The fire quickly warmed my bare skin, and I stopped trembling. Kit spread my clothes on a rock near the fire to dry and grabbed another blanket from the pack. We took turns drinking warm water from the canteen. Kit kept an appropriate distance from me, but I didn’t want that anymore. I didn’t want to waste these moments with him any longer.

“Come here,” I said.

Although I felt better, I desperately wanted his body warmth. Kit cleared his throat and rested beside me, covering us with the wool blanket. I spooned my body against his as he once again wrapped his arms around me.

“I can’t believe I’m holding you,” he said, rubbing his hand over the goosebumps on my shoulder, hip, and leg. “How do you feel?”

“Much warmer,” I said, shifting my body to turn toward his. “This is nice. Us.”

“It certainly is. What happened out there?” He played with my hair.

I told him about Edgar and my grandmother. Guilt rose in my chest when I told him that Edgar was always looking to dance with me ever since the day of my accident. The other girls just got in the way.

“It’s not your fault, Isa,” he said.

“I just hope it’s over now.” I wiped the tears from my eyes. “We’ll tell the Spirit Mother, and she can properly bury the man so he can’t hurt anyone else.”

“I was worried I lost you,” Kit said, squeezing me tighter. “May I confess something?”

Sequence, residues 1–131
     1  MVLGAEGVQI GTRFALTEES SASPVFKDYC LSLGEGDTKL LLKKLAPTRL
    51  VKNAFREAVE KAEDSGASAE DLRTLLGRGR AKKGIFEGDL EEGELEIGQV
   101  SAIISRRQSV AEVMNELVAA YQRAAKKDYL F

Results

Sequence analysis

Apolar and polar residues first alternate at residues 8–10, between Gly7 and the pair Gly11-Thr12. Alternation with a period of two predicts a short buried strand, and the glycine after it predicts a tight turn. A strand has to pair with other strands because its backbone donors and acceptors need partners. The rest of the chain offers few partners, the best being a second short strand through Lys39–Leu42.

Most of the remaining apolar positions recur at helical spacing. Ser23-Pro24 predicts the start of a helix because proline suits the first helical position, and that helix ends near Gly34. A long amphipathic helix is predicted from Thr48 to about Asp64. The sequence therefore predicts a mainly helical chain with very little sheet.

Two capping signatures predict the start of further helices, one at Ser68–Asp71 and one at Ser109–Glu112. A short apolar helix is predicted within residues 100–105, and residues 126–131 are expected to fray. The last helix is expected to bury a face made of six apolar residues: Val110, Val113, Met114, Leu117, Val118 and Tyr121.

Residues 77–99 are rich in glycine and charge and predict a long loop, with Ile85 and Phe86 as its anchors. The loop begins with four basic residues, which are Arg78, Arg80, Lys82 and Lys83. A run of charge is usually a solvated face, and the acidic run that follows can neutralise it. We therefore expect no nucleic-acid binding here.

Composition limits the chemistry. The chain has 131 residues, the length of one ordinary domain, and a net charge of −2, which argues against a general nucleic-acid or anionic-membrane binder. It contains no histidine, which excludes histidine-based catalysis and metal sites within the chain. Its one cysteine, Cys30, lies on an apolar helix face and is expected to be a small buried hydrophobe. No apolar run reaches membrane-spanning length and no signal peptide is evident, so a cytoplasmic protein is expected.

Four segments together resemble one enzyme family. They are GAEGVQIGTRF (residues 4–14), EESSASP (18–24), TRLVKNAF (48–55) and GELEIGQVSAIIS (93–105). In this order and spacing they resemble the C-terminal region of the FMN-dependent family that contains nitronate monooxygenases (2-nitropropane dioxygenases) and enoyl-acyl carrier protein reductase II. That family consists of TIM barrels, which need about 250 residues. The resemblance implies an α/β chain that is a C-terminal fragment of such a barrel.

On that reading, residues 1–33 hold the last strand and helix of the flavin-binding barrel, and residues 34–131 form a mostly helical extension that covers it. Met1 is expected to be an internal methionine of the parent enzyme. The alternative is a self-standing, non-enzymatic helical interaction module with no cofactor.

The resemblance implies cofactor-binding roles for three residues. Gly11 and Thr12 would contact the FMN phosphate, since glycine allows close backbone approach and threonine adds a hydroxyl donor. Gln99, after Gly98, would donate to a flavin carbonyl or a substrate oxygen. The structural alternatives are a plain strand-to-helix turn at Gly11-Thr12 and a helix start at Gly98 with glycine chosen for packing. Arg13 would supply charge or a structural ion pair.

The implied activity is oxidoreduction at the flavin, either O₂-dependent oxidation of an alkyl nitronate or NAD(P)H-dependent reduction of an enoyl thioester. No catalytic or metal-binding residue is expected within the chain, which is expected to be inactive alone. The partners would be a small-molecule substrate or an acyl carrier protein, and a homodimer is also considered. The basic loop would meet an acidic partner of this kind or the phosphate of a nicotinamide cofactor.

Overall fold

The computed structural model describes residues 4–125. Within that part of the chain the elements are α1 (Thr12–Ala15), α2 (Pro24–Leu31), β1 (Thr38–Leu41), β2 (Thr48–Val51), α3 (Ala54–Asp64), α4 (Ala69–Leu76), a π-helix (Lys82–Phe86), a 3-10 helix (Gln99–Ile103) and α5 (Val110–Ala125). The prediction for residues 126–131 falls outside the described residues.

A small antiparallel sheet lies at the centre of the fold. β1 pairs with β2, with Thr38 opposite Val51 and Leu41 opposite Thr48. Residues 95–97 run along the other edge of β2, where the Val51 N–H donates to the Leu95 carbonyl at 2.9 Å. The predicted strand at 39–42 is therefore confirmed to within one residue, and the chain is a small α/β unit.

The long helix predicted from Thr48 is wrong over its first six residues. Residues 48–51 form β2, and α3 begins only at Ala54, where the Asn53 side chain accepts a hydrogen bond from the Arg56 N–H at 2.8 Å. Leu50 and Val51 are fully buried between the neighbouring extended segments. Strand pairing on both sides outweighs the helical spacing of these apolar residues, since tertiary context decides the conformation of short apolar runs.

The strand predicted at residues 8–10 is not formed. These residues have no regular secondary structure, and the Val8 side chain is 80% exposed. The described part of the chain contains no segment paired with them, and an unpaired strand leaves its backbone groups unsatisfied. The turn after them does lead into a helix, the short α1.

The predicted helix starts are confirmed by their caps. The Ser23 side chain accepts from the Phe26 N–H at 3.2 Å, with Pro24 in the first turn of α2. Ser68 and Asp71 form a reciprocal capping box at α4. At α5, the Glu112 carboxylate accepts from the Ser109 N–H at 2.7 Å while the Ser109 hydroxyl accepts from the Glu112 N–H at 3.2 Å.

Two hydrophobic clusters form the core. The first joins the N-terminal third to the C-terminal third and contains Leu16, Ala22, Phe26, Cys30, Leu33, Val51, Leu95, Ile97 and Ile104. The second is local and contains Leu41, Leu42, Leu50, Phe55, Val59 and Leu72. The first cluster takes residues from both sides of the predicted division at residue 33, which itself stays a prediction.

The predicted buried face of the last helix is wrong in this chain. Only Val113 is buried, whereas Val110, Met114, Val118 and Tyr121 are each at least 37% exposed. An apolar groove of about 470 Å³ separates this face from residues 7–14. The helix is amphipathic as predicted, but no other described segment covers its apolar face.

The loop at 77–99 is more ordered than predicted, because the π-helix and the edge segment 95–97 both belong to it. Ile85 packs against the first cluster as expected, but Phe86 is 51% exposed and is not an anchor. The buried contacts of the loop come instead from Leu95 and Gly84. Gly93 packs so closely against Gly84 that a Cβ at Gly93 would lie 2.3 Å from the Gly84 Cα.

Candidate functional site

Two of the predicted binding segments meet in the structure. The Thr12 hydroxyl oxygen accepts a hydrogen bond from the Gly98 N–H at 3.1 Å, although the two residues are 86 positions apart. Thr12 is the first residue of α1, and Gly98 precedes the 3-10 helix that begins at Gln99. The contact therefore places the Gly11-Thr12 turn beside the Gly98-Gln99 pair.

“Sure.” My heartrate increased while I watched his lips, waiting to hear his words.

“I’ve been in love with you for years. Every day, Olivia would dare me to kiss your cheek,” he said, making me grin. “I want to marry you, Isa. That is, if you want to.”

“I do,” I whispered.

We kissed on our blanket. The mine entrance was warm with our crackling fire, and I fell asleep in my fiancé’s warm arms.

* * *


One perfect day the following spring, Ma buttoned me into a dress made with our own silver-spun thread, which glistened in the sun. I wrapped my bouquet in a blue ribbon in honor of Olivia, who I knew was there in spirit. With my new prosthetic, I walked down the aisle with confidence, but it was Pa who shook with sobs as he held my arm. Kit’s eyes locked with mine, and I saw forever in his smile. The ceremony was a blur of excitement, nerves, and love.

Time slowed, though, when the reception began. Kit took me into his arms for our first dance as husband and wife. He lifted me off the ground and p

laced kisses upon my freckles.

The Spirit Mother buried Edgar’s bones in an unmarked grave in the High Spirit Cemetery, and no more girls heard voices or went missing. Shoe blessings were no longer necessary and only continued as a yearly reminder to be careful who you dance with.